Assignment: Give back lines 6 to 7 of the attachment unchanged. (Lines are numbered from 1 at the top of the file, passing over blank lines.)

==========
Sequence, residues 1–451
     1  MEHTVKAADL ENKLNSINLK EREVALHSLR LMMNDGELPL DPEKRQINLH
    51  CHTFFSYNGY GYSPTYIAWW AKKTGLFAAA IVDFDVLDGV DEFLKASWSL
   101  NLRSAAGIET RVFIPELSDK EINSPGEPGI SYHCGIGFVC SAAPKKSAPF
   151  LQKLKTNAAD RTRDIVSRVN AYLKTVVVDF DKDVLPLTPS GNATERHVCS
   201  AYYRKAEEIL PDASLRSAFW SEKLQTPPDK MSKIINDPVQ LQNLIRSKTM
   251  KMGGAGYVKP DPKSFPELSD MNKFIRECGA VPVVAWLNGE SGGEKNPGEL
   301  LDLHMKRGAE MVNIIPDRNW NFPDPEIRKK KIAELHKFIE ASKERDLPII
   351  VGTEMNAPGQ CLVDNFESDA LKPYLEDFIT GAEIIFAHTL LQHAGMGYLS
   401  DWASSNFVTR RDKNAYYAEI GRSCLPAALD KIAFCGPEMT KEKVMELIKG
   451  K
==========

   201  AYYRKAEEIL PDASLRSAFW SEKLQTPPDK MSKIINDPVQ LQNLIRSKTM
   251  KMGGAGYVKP DPKSFPELSD MNKFIRECGA VPVVAWLNGE SGGEKNPGEL